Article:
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Post Mortem Debugging in Embedded Linux Systems

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This presentation by Anton Bondarenko (Senior Software Engineer/Architect, Bosch Sensortec, Sweden) was delivered at GlobalLogic Kharkiv Embedded Conference 2019 on July 7, 2019.

Live debugging in Linux is a good method during development but it’s not always possible. Alternative is post mortem debugging. Post mortem analyze includes investigations performed using system snapshot. There are different tools supporting this approach. ‘Crash’ tool is one of them and we will review it in details during Anton’s speech. The talk provided information about different aspects of post mortem analyze like collection, processing and comparison to other methods.

Conference materials: https://www.globallogic.com/ua/events/kharkiv-embedded-conference-2019/

Veröffentlicht in: Technologie
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Post Mortem Debugging in Embedded Linux Systems

  1. 1. Post mortem debugging in Embedded Linux Systems Anton Bondarenko Senior Software Engineer/Architect Bosch Sensortec
  2. 2. Topics ● Introduction ● What is post-mortem analysis? ● Why do we need post-mortem data? ● How it could be retrieved? Problems and solutions ● How it could be analyzed? ○ Crash tool ● Examples
  3. 3. Introduction ● 10+ years of Embedded Linux experience ● 4 years as System engineer in Sony Mobile working with Xperia Z to Z3 generations with focus on stability ○ Major activity was post-mortem analysis using different methods and approaches
  4. 4. Post-mortem analysis Post-mortem analysis consist of different methods to investigate over data collected at the moment system state become unstable Well known solutions ● GDB with coredump
  5. 5. Post-mortem data Post-mortem data may include ● RAM regions ● CPUs state ● Peripherals state RAM Video/GFX Shared memory
  6. 6. Why do we want post-mortem data Live debugging ● Focused on flow control Post-mortem debugging ● State analysis ● Single instance ● Multiple processing ● Online on target ● Offline or semi-offline ● System continues to evolve ● System state is atomic ● Limited scope ● Global scope
  7. 7. How it could be retrieved Important rules to follow; ● Keep critical state information unmodified ● Collect as much as possible Collection may happen: ● With system reset, for example in bootloader ● W/o system reset, for example kdump approach ● In Hypervisor as VM dump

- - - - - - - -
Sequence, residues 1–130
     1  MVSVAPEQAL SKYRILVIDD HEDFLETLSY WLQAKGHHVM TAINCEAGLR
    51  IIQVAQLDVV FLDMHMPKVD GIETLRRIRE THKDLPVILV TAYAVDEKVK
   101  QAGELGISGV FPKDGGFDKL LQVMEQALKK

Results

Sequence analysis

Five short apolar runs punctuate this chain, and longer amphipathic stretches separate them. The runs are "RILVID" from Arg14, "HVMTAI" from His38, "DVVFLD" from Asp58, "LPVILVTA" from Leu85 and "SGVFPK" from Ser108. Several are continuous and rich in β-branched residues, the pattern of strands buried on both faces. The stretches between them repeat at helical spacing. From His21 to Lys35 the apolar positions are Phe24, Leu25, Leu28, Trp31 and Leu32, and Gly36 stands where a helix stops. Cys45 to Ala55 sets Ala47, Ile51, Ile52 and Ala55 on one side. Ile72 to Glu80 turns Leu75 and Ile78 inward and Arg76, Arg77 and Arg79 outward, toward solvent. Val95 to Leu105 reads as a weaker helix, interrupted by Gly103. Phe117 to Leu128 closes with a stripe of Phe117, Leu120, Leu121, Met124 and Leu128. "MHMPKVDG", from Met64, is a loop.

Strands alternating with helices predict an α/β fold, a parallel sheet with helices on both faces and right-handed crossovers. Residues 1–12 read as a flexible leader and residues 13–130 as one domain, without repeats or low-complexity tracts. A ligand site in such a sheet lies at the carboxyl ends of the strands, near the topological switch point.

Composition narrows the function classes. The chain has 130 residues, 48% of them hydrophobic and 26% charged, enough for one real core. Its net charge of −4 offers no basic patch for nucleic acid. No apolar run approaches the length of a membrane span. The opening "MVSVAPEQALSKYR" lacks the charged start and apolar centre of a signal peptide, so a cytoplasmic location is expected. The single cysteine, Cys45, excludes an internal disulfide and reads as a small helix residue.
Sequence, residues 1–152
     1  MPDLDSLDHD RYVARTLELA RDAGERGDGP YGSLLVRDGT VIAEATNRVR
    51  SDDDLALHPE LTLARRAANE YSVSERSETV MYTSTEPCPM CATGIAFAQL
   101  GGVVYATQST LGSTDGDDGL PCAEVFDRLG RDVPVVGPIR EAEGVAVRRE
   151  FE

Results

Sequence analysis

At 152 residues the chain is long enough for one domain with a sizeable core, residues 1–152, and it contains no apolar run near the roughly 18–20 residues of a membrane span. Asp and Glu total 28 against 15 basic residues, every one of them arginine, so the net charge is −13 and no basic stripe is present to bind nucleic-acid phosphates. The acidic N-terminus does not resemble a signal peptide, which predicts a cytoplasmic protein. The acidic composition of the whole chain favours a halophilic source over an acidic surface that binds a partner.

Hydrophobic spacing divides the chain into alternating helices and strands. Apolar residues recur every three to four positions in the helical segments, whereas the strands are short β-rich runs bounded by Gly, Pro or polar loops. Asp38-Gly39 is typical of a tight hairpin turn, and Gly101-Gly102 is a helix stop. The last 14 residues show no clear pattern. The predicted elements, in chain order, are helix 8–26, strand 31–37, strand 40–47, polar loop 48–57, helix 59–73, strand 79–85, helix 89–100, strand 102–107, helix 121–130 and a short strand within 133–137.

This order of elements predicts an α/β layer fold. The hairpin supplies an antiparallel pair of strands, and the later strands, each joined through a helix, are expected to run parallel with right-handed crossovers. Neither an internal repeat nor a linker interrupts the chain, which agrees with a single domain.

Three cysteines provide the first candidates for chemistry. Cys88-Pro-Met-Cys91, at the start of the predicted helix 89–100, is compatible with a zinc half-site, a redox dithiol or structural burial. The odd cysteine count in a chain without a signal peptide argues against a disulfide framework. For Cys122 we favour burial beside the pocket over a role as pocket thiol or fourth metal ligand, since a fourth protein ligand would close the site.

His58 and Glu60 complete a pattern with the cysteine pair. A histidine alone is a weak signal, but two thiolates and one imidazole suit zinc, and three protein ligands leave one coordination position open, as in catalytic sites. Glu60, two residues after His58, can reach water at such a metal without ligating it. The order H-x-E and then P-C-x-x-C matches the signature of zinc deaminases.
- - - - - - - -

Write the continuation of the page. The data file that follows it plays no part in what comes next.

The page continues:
8. 8. Bootloader dumper Advantages: ● Small footprint ● Handle hardware cases Disadvantages: ● Separate drivers & tools ● Require special handling for RAM initialization ● Intermediate boot stages First kernel Unexpected system reset ROM bootloader RAM bootloader Disk Network
  9. 9. KDump Advantages: ● “Same” kernel ● Same utils ● Direct jump Disadvantages: ● Requires more memory ● Memory reservation ● HW failures might not work
  10. 10. Hypervisor All important information controlled by hypervisor RAM Video/GFX VM1 VM0 VMM
  11. 11. How it could be analyzed Main requirement - OS and CPU architecture awareness Tool Examples ● Lauterbach TRACE32 ● Red Hat Crash
  12. 12. Lauterbach TRACE32 ● Many supported architectures ● Requires Linux kernel OS awareness library ● Support scripting with its own script language ● Active maintenance ● License: Proprietary
  13. 13. Red Hat Crash Utility ● Many supported architectures (x86, ARM, ARM64, MIPS) ● Using GDB as core library ● Native support for Linux kernel OS ● Active maintenance ● License: GPL
  14. 14. Crash extensions ● Native support of plugin concept ● Few available including very promising one ○ Python scripts in Crash environment (PyScript) ● Supports symbols for whole system: kernel+modules+userspace ● Full access to OS memory ○ User space analysis in tool directly ○ JVM stack and state analysis
  15. 15. Linux Kernel crash ● Possible causes ○ Many different ones ● Important information ○ Access to OS memory
  16. 16. Linux Kernel crash (sys)
  17. 17. Linux Kernel crash
  18. 18. Linux Kernel crash (bt -l)
  19. 19. Linux Kernel crash
  20. 20. IPC issues ● Possible causes ○ Unexpected state in complex system ● Important information ○ All involved parts of memory (both kernel and userspace) Android App 1 Android Framework Manager Android Framework Service Android App 2 Android Framework Manager ?
  21. 21. LK Deadlock ● Possible causes ○ Wrong handling of locks ● Important information ○ Access to lock memory
  22. 22. Watchdog ● Possible causes ○ Interrupt handling ○ Hardware errors ○ Memory corruption ● Important information ○ CPUs registers state ○ Special traces and logging
  23. 23. Links ● KDump examples https://access.redhat.com/documentation/en- us/red_hat_enterprise_linux/6/html/deployment_guide/s1- kdump-crash ● Crash whitepaper https://people.redhat.com/anderson/crash_whitepaper ● Crash tool main page http://people.redhat.com/anderson/ ● Crash tool sources https://github.com/crash-utility/crash

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